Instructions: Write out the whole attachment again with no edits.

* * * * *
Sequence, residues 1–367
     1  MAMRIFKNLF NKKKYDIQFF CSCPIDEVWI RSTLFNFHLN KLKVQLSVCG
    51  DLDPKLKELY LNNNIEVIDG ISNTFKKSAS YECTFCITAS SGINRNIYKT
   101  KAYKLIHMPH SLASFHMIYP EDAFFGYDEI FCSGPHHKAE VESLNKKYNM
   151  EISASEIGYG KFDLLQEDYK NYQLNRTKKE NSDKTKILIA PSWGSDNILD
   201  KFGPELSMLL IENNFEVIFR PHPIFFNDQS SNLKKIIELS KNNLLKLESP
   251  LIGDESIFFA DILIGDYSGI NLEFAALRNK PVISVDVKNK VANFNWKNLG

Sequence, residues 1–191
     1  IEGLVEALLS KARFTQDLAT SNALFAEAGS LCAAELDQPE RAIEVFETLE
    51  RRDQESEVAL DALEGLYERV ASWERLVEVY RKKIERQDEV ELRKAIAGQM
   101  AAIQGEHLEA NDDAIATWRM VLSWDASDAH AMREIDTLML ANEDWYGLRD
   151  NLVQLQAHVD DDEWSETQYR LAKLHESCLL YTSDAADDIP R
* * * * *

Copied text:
Sequence, residues 1–367
     1  MAMRIFKNLF NKKKYDIQFF CSCPIDEVWI RSTLFNFHLN KLKVQLSVCG
    51  DLDPKLKELY LNNNIEVIDG ISNTFKKSAS YECTFCITAS SGINRNIYKT
   101  KAYKLIHMPH SLASFHMIYP EDAFFGYDEI FCSGPHHKAE VESLNKKYNM
   151  EISASEIGYG KFDLLQEDYK NYQLNRTKKE NSDKTKILIA PSWGSDNILD
   201  KFGPELSMLL IENNFEVIFR PHPIFFNDQS SNLKKIIELS KNNLLKLESP
   251  LIGDESIFFA DILIGDYSGI NLEFAALRNK PVISVDVKNK VANFNWKNLG

Sequence, residues 1–191
     1  IEGLVEALLS KARFTQDLAT SNALFAEAGS LCAAELDQPE RAIEVFETLE
    51  RRDQESEVAL DALEGLYERV ASWERLVEVY RKKIERQDEV ELRKAIAGQM
   101  AAIQGEHLEA NDDAIATWRM VLSWDASDAH AMREIDTLML ANEDWYGLRD
   151  NLVQLQAHVD DDEWSETQYR LAKLHESCLL YTSDAADDIP R